Christian Heilmann

The myth of the “modern browser”

Friday, August 3rd, 2012 at 5:12 am

When I wrote my JavaScript book in 2005 one of the things my editor called out was that using the term “modern browsers” needs definition. I think it is time to go further and call it a myth.

An article of mine coming out soon just came back from the editor. One thing I mention in the article is that a very simple JavaScript test around your code can make sure that you don’t give any of your JavaScript to Internet Explorer older than version 9:

if (document.addEventListener) {
   document.addEventListener('DOMContentLoaded', function(ev) {
   	// your code
   }, false);  

My exact wording was:

Come to think of it, one simple addEventListener() on DOMContentLoaded is a great way of making sure your script is not executed in browsers that would choke on what you are trying to achieve. Maybe it is time not to pester IE6, 7 and 8 with a lot of code – they deserve to have a quiet time considering their age.

As you may guess, the rest of the article is a deep-dive into events in the browser. Now, I was asked by the editor to remove this part. Instead I was asked to add a disclaimer:

At the top, these sentences should be removed. They do not add anything to the article, and are a little hard to read. [...] Instead, it might be better to just put a short disclaimer saying “The examples in this article will only work on modern browsers like …”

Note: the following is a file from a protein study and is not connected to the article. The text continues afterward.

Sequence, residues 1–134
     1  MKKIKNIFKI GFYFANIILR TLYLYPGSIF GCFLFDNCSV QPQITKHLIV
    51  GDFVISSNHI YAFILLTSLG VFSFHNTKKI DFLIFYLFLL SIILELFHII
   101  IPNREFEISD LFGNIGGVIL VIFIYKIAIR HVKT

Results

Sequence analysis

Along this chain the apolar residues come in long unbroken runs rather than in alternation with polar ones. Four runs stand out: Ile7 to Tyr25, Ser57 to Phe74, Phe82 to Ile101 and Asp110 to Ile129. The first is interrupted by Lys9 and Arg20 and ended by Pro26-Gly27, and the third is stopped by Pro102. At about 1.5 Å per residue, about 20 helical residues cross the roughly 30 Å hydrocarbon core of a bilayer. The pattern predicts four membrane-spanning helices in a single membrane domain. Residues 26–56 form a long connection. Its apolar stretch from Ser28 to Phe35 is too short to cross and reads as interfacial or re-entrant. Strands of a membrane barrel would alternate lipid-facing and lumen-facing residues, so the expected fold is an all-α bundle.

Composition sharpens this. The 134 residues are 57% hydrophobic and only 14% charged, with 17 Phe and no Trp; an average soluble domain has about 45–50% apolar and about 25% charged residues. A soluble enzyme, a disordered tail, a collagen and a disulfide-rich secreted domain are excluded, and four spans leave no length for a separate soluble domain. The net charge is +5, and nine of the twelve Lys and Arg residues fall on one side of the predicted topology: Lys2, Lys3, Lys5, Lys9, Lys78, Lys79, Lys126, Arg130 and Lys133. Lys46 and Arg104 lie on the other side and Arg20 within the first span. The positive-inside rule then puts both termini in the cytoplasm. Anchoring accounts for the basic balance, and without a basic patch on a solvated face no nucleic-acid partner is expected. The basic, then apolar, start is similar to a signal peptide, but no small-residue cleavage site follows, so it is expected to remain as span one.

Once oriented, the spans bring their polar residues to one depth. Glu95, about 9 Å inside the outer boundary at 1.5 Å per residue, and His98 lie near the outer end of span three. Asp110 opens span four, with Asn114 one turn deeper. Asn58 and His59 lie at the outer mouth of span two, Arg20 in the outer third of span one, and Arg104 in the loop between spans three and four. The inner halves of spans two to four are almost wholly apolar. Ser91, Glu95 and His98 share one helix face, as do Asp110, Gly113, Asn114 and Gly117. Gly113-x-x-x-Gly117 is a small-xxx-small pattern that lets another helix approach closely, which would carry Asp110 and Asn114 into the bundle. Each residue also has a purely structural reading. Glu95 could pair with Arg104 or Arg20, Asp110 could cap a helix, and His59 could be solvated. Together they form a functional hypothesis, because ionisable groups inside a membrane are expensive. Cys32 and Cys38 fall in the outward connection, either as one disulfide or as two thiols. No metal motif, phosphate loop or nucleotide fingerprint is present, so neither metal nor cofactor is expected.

My beef with this is “modern browsers” which can become immensely outdated very quickly – especially in a world of “evergreen” browsers or others being released every few weeks. The “modern browsers” of today could be an embarassment of a very near future.

The web is full of outdated tutorials and bad advice and the largest part of those happened because a snapshot of browser functionality at that time was considered state of the art and “modern browser” stuff. Instead of using the feature as the test for the code writers explained that you need a certain browser version. This is limiting and confusing.

I think it is time we stopped thinking in browser versions and instead check for availability of features. The browser market moves at a breakneck speed. In a discussion with friends the other day at Google we all agreed that in a not far away future all browsers should update in a silent fashion. End users should always have the newest browser without having to work on it and thus get new features when they are ready and hotfixes and security fixes in the fastest way possible. End users do not care about feature support, they just benefit once it is available and wrapped in a sensible UX.

For us developers it means we can free ourselves from the endless discussion of “what version of browser x are we saying we’ll support”. Sure, not all browsers will upgrade in a silent fashion. Our job, however, is to build solutions that are independent of browser and future facing rather than stick with a concept of quality assurance that is simply outdated and holds us back. If a feature is not available, let’s not use it. Try to surf with IE6 for a day and see how much fun it is. Then think how OK it would be to surf these sites without getting a lot of JavaScript that fails or gets loaded without executing. What is the better experience?

A “modern browser” is a moving target, you can not define it and you can not tell people to get one as they have no idea what that is. Let’s stop using the term and stop writing tutorials that are doomed to be old-fashioned by the time they get released.

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